Wednesday, January 18, 2023

geeking out over documentaries, and a poem from a friend

Nerd excitement here: OMG! I can't wait. There's a documentary called Turn Every Page: the adventures of Robert Caro and Robert Gottlieb, about the relationship between the fantastic historian Caro and the best editor of his generation, Gottlieb. It's about two brilliant men fighting over semi-colons and commas. Could anything be more delicious and compelling? I must see it this weekend!

Friday, though, the plan is to see the new Bill Nighy film, Living, with Ken. I'd follow Bill Nighy anywhere. And tomorrow, getting the boys after school and taking them to their swimming lessons; their mother is at work.

It's gloomy and mild again; I rode my bike to the Y, where I was wheezing and coughing, but at least there. I definitely had a bad version of this thing. But more excitement: both U of T classes are launched. Monday night, the first level class, full again with a waiting list, one student in Dublin and another in - yes! - Bali. It was 8 a.m. in Bali, and there she was. Tuesday night, seven writers who've taken my class before coming back for more punishment. 

How I love my work. My daughter who listened to the audiobook of Harry's memoir Spare, which she loved, wonders if I'll get even more students because the entire planet is absorbed in a memoir. But I told her, the classes were already full. Still, it's amazing; apparently his book is the fastest selling of all time. 

Like with Justin T.; we watched these young men grow up and feel invested in them, somehow. At least I do.

Good news today: I want to use nine of the essays I wrote and performed for the CBC in the nineties in my new essay compilation, but there was concern I'd not be able to, that they own copyright. It has taken a month to find out: yes, they do own copyright, but they've arranged to allow me to use them. Thank you, gods that be and CBC rights department.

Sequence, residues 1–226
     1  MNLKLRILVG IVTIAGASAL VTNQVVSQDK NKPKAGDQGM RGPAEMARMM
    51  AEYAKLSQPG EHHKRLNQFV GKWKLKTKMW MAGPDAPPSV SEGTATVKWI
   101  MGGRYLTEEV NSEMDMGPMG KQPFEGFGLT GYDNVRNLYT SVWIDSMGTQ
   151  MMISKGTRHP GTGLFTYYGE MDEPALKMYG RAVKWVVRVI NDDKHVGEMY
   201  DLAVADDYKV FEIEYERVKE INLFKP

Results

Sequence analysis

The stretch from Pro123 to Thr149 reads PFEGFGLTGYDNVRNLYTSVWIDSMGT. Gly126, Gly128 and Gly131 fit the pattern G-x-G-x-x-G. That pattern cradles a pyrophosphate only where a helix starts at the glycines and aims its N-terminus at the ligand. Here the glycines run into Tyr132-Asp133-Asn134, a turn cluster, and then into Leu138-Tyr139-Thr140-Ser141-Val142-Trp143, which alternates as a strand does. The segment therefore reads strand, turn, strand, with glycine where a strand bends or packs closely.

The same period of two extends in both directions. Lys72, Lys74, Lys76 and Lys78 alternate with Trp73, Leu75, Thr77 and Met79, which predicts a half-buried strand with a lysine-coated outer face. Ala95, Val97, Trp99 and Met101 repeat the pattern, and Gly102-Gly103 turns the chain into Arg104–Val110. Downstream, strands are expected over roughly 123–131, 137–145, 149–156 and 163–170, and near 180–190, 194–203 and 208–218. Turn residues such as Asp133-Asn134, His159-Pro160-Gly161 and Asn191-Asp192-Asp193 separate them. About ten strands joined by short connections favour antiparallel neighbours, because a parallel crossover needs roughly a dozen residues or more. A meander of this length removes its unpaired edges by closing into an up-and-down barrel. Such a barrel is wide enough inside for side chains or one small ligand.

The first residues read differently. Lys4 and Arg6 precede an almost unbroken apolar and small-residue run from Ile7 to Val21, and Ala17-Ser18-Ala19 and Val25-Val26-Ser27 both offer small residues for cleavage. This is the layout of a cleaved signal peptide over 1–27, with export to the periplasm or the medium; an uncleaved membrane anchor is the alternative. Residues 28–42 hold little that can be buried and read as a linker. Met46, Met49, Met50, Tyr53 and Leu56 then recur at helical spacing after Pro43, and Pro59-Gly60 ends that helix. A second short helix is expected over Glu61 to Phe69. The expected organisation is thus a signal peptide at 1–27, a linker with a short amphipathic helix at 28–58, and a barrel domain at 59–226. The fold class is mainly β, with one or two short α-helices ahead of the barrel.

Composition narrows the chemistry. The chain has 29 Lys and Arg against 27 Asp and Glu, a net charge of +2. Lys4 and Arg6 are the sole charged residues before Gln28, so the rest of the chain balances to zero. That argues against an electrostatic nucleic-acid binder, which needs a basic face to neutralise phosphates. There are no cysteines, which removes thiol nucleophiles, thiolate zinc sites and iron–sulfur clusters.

Back to the drawing board.

I watched a repetitive but still interesting doc on Leonard Cohen and his famous song Hallelujah on Monday, and one last night on Zora Neale Hurston, a powerful writer ahead of her time. More documentaries, give us more! "I'm seventy," growled Cohen at one point, "which is the foothills of old age." I don't have much time to finish these songs, he went on. And write them he did, putting out his last album a month before he died. Inspiring. 

I am in the foothills, Leonard, and must get busy.

My dear friend Nick Rice is also in the foothills. Nick and I were actors together, and ever since, for some reason, we call each other Nickynicknick and Bethy Beth. He's a blog reader who sends me letters and sometimes poems, always connected to Beatle songs, and last month, when I was really sick, I received this. 

Among life's great blessings: work we love, documentaries, and dear creative friends.


  1. Glad to hear you're on the mend. Sounds like it has been a rough passage of late. I saw "Hallelujah" and loved it. I was completely caught off guard by the image of from Jack Layton's funeral, which triggered a tear. Your friend's poem is wonderful. Alan in Zurich.

    1. Good to hear from you, Alan. Thanks for checking in!